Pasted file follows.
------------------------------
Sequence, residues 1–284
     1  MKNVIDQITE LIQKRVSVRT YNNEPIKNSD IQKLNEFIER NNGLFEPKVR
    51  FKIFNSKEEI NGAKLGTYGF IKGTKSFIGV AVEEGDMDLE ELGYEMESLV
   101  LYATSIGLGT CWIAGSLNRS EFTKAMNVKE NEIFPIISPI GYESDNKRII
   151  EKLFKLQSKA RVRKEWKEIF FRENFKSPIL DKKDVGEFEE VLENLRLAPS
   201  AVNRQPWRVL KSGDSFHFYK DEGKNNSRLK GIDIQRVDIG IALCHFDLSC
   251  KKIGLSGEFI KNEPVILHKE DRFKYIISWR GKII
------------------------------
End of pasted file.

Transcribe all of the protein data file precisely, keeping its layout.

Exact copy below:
Sequence, residues 1–284
     1  MKNVIDQITE LIQKRVSVRT YNNEPIKNSD IQKLNEFIER NNGLFEPKVR
    51  FKIFNSKEEI NGAKLGTYGF IKGTKSFIGV AVEEGDMDLE ELGYEMESLV
   101  LYATSIGLGT CWIAGSLNRS EFTKAMNVKE NEIFPIISPI GYESDNKRII
   151  EKLFKLQSKA RVRKEWKEIF FRENFKSPIL DKKDVGEFEE VLENLRLAPS
   201  AVNRQPWRVL KSGDSFHFYK DEGKNNSRLK GIDIQRVDIG IALCHFDLSC
   251  KKIGLSGEFI KNEPVILHKE DRFKYIISWR GKII